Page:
Contributed by: The James Bond Movie Encyclopedia by Steven Jay Rubin

(November 23, 1930–     ): Underwater director, cameraman, actor, and stuntman who worked on both Thunderball and Never Say Never Again. Although he achieved international popularity as the gruesome Gill Man in The Creature from the Black Lagoon (1954), Browning spent most of his professional life behind the underwater cameras.

While directing the Thunderball underwater sequences, Browning began a typical shooting day at 9:00 am. “We needed sunlight,” he recalled. “Then we would rehearse the sequence before we went into the water. Everything on Thunderball was orchestrated underwater with hand signals—no radio communicating like we do today. If we had a problem, we would never correct it underwater. We’d surface, discuss it, and go back down to complete the sequence.”

Most of the time, the underwater team filmed in shallow water—between fifteen and twenty feet. The deepest they went on Thunderball was fifty feet, when they worked around the ditched NATO bomber. The final battle sequence was conducted off Clifton Pier in Nassau, Bahamas, in fifteen to twenty feet of water around an old wrecked US Navy landing craft.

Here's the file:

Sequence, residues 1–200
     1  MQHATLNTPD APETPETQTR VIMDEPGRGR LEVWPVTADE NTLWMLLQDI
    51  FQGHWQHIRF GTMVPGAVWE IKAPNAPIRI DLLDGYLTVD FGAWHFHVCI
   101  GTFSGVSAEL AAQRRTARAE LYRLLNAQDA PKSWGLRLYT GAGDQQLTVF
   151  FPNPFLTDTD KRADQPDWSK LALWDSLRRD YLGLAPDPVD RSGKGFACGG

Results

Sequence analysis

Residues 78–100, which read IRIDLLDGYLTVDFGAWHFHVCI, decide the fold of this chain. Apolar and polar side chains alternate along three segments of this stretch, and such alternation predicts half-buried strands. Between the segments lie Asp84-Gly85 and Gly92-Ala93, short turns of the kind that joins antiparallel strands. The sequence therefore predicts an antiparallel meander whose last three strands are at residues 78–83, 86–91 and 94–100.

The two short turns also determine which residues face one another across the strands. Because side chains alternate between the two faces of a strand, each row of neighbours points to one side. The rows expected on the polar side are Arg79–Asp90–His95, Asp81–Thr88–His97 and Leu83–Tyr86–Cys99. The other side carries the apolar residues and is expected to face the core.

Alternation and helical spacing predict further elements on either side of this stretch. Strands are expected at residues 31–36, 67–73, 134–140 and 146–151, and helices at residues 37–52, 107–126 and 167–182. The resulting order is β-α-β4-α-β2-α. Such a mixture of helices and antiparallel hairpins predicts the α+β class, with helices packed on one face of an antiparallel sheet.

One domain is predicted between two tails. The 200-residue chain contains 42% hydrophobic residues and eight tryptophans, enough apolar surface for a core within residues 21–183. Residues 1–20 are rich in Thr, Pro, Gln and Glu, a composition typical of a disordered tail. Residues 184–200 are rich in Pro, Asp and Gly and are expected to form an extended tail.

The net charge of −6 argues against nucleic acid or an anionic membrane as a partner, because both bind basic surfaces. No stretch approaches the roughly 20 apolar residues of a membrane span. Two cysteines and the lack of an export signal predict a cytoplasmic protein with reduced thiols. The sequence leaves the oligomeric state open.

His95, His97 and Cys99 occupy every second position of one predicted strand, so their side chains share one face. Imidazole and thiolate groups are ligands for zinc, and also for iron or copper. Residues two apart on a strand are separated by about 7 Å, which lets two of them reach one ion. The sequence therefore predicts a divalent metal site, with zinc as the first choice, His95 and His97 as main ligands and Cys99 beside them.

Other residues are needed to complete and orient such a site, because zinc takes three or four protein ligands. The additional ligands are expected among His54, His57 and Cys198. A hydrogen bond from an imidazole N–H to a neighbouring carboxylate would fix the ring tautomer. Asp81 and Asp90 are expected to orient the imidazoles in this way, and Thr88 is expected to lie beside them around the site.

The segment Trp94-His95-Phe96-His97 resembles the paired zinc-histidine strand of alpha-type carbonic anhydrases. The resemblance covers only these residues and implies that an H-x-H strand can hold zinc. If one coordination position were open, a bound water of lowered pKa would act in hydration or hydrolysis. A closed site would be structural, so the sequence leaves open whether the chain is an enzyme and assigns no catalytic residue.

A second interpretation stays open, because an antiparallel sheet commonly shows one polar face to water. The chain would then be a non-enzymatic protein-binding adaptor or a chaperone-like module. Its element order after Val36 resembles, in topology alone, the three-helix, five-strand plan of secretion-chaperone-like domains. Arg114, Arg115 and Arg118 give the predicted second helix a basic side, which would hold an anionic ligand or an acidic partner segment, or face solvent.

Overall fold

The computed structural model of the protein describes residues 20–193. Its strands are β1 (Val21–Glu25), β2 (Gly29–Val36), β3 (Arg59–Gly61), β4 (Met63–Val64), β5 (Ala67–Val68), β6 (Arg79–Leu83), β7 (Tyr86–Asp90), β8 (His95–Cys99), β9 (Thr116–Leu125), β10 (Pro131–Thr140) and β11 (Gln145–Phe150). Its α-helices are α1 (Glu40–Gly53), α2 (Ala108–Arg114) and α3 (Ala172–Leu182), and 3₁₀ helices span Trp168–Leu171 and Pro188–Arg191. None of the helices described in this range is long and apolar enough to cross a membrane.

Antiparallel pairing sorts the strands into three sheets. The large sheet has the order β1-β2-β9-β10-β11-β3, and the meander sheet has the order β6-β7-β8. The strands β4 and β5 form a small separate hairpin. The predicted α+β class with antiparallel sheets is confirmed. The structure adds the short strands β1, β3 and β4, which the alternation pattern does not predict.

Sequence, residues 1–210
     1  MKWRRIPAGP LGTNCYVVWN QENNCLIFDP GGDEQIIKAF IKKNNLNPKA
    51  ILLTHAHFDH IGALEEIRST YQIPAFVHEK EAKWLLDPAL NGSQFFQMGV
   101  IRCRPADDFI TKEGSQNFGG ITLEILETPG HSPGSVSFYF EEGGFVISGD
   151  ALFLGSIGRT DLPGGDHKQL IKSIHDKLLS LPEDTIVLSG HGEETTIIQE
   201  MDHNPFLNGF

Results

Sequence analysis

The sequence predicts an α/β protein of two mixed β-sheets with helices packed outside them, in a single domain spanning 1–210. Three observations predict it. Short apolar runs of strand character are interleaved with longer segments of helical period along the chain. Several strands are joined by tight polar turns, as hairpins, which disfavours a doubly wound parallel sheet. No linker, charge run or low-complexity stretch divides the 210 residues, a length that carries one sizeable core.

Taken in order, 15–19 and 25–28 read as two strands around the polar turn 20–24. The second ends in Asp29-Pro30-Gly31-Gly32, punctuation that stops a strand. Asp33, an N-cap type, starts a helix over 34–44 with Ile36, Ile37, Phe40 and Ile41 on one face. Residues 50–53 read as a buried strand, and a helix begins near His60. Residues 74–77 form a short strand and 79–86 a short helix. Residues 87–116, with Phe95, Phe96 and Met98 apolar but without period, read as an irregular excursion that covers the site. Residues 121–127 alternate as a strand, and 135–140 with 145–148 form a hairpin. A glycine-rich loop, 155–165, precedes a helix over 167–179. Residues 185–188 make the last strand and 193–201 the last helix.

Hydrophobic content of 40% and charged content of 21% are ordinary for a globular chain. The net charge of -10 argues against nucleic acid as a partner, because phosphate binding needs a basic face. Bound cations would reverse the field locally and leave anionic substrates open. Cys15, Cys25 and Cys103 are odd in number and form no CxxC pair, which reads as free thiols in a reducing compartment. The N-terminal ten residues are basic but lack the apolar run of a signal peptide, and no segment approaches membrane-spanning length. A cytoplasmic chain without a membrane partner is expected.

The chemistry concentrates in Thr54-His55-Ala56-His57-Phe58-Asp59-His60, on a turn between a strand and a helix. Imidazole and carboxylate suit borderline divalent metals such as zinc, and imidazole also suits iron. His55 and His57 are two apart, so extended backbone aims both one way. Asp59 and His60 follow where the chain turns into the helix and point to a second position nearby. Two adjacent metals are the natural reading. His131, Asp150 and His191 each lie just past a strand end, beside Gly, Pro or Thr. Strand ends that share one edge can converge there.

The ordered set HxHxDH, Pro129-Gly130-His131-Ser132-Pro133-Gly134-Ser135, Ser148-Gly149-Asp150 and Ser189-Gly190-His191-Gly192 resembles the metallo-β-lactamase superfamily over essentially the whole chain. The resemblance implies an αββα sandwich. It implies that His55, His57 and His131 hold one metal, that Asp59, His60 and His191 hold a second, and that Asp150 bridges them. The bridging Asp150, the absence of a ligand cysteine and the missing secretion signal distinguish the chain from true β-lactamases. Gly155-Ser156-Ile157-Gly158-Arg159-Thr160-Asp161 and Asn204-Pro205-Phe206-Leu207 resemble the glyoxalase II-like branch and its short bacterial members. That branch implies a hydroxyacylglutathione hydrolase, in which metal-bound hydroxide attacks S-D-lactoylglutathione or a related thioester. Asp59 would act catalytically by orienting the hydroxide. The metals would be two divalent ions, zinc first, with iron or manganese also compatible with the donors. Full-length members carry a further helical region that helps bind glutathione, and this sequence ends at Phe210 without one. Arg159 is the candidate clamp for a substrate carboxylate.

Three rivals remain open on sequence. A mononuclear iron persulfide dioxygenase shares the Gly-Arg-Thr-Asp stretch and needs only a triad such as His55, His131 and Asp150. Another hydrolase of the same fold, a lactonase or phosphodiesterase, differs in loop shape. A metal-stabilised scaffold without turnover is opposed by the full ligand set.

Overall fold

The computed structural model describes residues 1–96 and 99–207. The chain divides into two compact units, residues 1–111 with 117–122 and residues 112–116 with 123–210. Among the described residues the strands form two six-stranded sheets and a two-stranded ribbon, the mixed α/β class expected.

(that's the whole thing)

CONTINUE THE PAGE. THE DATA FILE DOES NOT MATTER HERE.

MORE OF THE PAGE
Eighteen years later, Browning began work on Never Say Never Again—a shoot that was bedeviled by bad weather. For the sequence in which Bond (Sean Connery) is chased by sensor-equipped sharks, the crew shot around a wrecked fishing boat that was located only two hundred feet from the carcass of the Thunderball NATO bomber, only the framework of which remained. The crew also shot in the waters of Silver Springs, Florida, where Jordan Klein had constructed the exterior superstructure of the Flying Saucer yacht, through which a new generation of underwater scooters travels.

A native of Fort Pierce, Florida, the multitalented Browning reprised his Gill Man character in two sequels, Revenge of the Creature (1955) and The Creature Walks Among Us (1956). But it was his introduction to Ivan Tors Studios that led Browning into the production of underwater television shows, including the iconic Sea Hunt, The Aquanauts, and Flipper, the last of which Browning cocreated. He would later become president of Tors’s Florida studios.


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